Covering a Crisis: Memorial Day Weekend
Local representatives from the City of San Marcos, KTSW radio, the University Star, Texas State Social Media and Hays Free Press shared their media crisis stories from the Memorial Day flood during Mass Comm week.
The panel was hosted by Mass Comm professor, Kym Fox, and was created in order to discuss what San Marcos can potentially do differently in the case of another crisis as well as hear the challenges that were faced during the memorial day media coverage.
Public Information Officer of San Marcos, Kristi Wyatt was very vocal throughout the panel about what the city went through during the tragedy and the news coverage she coordinated with.
“At 4 AM I decided that this flood needed a hashtag to connect everyone with information,” said Wyatt. “We created #SMTXFLOOD and by 9:00 AM we decided to hold a press conference where numerous news stations attended.”
Matthew Hamill, senior news reporter for KTSW, said his cousin from Scotland called him saying his soccer game was interrupted by NBC’s coverage of the press conference regarding the flood in San Marcos.
“As soon as I got that call, KTSW rounded up all the employees in the area and we gave live reports around the clock for 8-10 hours” said Hamill.
The panel discussed the hourly progression of the flood, and they all agreed that they felt somewhat unprepared for how to properly handle the crisis. Given that 11 people were killed and a little over one thousand houses were damaged, the media outlets voiced it was important to stay as sensitive and accurate as possible with the coverage.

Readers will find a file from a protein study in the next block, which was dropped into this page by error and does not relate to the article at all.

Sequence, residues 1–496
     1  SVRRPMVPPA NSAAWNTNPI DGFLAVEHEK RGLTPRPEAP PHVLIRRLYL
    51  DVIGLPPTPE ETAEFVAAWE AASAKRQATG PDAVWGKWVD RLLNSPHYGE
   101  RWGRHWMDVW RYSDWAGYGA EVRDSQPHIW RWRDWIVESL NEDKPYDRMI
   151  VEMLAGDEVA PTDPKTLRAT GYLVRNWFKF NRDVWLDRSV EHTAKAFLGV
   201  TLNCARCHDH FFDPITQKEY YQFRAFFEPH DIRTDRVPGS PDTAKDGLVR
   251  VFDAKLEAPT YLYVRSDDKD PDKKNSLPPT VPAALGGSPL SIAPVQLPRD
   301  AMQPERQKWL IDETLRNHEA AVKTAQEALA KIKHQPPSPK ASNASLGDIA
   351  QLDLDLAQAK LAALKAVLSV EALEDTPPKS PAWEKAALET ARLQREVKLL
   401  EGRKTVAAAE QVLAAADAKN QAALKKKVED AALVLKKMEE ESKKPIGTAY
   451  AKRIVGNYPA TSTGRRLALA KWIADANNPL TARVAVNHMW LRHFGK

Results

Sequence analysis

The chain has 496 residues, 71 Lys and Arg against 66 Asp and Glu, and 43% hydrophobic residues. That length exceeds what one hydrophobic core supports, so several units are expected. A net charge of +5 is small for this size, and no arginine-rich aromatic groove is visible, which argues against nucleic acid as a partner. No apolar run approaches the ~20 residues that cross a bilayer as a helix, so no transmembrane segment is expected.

During the aftermath of the flood, University Star’s senior editor Kelsey Bradshaw said that nothing she has ever done could ever have prepared her for this, but that she reminded herself that these are people just like us.
“When I did an interview, I tried to think of these people as my best friends,” said Bradshaw. “There were times I would end up crying because I could feel their pain.”
Some of the obstacles that occurred when handling the flood and its coverage has caused the city as well as local media outlets to draw up new and improved emergency plans that will take measure if another crisis like this ever takes place. Kristi Wyatt says the city is still in full recovery mode and analyzing 3D flood maps while working with longterm recovery group BR3T.
“We want to make sure this never happens again,” said Wyatt. “We will do whatever it takes to protect this community and make sure that nothing deepens their wounds.”